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You may have noticed in my side-bar that I am now reading Fifty-One by Chris Barnham.

 Fifty-One cover

I bumped into the author at Follycon and vaguely remembered his book was on a list for review from Interzone a few months back.

Not knowing whether it had been sent to anyone else I blagged a review copy anyway with the promise of trying to get it into Interzone or else posting about it here.

IZ hadn’t sent it out so I’ve got the gig. The review might even be in the next issue (275) along with Andrew Crumey’s The Great Chain of Unbeing.

It’s a time travel story.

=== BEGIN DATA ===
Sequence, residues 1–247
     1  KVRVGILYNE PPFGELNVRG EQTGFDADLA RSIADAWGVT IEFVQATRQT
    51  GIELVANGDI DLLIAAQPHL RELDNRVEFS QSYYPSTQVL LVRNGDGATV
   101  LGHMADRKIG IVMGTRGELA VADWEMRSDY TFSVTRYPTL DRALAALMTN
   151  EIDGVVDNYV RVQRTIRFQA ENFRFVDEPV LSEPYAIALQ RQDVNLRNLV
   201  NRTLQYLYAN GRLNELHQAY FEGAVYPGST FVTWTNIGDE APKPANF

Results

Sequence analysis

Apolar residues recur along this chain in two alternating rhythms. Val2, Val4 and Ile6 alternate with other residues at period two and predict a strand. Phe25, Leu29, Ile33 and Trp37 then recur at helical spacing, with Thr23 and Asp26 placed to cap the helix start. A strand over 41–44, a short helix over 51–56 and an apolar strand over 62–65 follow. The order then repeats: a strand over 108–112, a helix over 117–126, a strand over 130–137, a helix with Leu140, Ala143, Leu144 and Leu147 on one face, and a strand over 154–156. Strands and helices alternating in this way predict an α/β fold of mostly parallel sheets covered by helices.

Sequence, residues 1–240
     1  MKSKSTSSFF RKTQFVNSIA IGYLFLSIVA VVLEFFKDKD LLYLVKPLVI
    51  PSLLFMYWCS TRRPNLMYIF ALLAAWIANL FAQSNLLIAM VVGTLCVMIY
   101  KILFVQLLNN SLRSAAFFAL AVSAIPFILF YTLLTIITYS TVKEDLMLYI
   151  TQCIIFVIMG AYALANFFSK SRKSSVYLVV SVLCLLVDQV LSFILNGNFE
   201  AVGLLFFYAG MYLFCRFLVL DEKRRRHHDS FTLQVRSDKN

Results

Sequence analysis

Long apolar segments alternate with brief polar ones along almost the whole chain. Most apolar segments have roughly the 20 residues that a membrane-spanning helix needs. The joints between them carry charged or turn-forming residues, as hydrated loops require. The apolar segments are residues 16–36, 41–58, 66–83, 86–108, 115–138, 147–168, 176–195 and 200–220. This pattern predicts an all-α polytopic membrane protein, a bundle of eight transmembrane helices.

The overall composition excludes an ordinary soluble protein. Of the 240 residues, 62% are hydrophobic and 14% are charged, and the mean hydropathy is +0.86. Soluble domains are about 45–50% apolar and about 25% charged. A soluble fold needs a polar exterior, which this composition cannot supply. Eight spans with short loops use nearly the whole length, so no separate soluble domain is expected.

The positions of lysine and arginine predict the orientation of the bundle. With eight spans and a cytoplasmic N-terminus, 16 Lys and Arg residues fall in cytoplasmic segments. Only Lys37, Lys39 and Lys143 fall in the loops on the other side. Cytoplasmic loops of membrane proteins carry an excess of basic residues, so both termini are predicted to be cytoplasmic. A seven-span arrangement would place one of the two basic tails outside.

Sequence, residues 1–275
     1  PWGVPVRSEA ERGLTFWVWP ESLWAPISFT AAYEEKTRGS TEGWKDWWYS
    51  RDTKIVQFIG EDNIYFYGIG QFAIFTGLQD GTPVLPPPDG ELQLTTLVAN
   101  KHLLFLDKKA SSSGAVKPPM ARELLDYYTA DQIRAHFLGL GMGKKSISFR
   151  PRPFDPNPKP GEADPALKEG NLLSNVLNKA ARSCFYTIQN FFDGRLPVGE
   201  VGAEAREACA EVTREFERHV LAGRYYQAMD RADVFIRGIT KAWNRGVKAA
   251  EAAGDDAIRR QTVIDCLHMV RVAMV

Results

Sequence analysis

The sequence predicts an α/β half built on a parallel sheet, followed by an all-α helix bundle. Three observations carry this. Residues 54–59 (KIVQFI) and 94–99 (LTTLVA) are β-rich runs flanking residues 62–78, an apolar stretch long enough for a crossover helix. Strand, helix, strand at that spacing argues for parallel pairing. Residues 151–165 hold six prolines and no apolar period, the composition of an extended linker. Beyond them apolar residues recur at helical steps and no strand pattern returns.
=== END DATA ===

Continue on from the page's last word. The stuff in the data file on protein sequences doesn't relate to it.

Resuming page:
The cover (okay it has a doodlebug, but….) totally misrepresents the contents by the way.

Autumn by Ali Smith

Hamish Hamilton, 2016, 270 p.

Autumn cover

This is a short novel, very short. Nevertheless it has no fewer than five epigrams. That it starts with the sentence, “It was the worst of times, it was the worst of times,” is perhaps a signifier that it aspires to literary memorability. It was written in the aftermath of the 2016 referendum on the EU and reflects (though only in asides) the divisions in the country which that revealed but addresses more fully the latent racism which it brought to the surface. The book has that unjustified right-hand margin that is a feature of Smith’s publications and like Andrew Greig’s When They Lay Bare, which I read immediately prior to this, does not use quotation marks for dialogue, which impairs comprehension not at all.